The amount of the dividend refund for a given taxation year for a private corporation is calculated by adding three amounts: A, B, and C. Amount A is the lesser of 38.33% of all eligible dividends the private corporation pays in the year, or the balance of its Refundable Dividend Tax On Hand (“RDTOH”) account for eligible dividends at the end of the year. Amount B is the lesser of 38.33% of all non-eligible dividends the private corporation pays in the year, or the balance of its RDTOH account for non-eligible dividends at the end of the year. Amount C is the lesser of the amount by which its eligible RDTOH account balance at the end of the year exceeds Amount A, or the amount by which 38.33% on the total of non-eligible dividends the corporation paid in the given taxation year exceeds its non-eligible RDTOH balance at the end of the year. However, if 38.33% on the total of non-eligible dividends the corporation paid in the given taxation year does not exceed the corporation’s non-eligible RDTOH balance at the end of the year then Amount C will be equal to zero.

See also  Corporate Tax Arrangements of ViacomCBS & Tax Avoidance Schemes

Pro Tax Tips – Refundable Dividend Tax On Hand

The changes brought in 2018 introduced an additional set of rules to an already complex system. In addition to these changes, there was a transitional rule introduced to integrate a private corporation’s RDTOH balance from prior to 2018. RDTOH accounts can be particularly important for corporate tax planning. Before making corporate investment decisions, corporate tax planning should be carried out to ensure your corporation does not pay more tax than it must. If you have questions about refundable dividends, Part IV tax, or corporate tax planning contact our expert Toronto tax lawyers today.

FAQs

How are Refundable Dividends Calculated?

The amount of the dividend refund for a given taxation year for a private corporation is calculated by adding three amounts: A, B, and C. Amount A is the lesser of 38.33% of all eligible dividends the private corporation pays in the year, or the balance of its Refundable Dividend Tax On Hand (“RDTOH”) account for eligible dividends at the end of the year. Amount B is the lesser of 38.33% of all non-eligible dividends the private corporation pays in the year, or the balance of its RDTOH account for non-eligible dividends at the end of the year. Amount C is the lesser of the amount by which its eligible RDTOH account balance at the end of the year exceeds Amount A, or the amount by which 38.33% on the total of non-eligible dividends the corporation paid in the given taxation year exceeds its non-eligible RDTOH balance at the end of the year. However, if 38.33% on the total of non-eligible dividends the corporation paid in the given taxation year does not exceed the corporation’s non-eligible RDTOH balance at the end of the year then Amount C will be equal to zero.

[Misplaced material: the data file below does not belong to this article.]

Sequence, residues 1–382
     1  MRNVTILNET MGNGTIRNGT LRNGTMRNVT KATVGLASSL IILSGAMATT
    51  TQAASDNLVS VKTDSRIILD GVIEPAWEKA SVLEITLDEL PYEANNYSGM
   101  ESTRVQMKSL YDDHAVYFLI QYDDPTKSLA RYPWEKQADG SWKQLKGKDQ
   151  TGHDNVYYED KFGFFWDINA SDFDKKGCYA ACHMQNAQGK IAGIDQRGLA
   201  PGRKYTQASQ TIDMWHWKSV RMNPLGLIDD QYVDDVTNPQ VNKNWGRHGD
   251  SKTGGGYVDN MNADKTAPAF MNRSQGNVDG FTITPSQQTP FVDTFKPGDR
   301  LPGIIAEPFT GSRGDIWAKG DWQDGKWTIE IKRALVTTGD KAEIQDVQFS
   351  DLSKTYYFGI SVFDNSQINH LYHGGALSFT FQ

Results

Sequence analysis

What is the Refundable Dividend Tax On Hand Account?

The Refundable Dividend Tax on Hand (“RDTOH”) account is a pre-payment of shareholder tax on eligible and non-eligible dividends. The purpose of this tax on private corporations is to eliminate the deferral advantage individuals may have by earning investment income through a private corporation. The RDTOH account tracks the tax paid, approximately equal to slightly more than the top federal marginal tax bracket for individuals, on investment income for the purpose of claiming tax credits on the amount paid once dividends are distributed, and thus shareholder tax is paid.

How did the Dividend Refund Rules Change in 2018?

The 2018 Budget altered the dividend refund rules by limiting the payment of dividend refunds arising from eligible dividends. The exception provided is if eligible portfolio dividends are received by another corporation. The refundable tax on hand account is now calculated separately for eligible and non-eligible dividends. The purpose of this was part of several changes made to prevent individuals from benefiting from the lower tax rate from the small business deduction and tax deferral advantages when earning investment income through private corporations.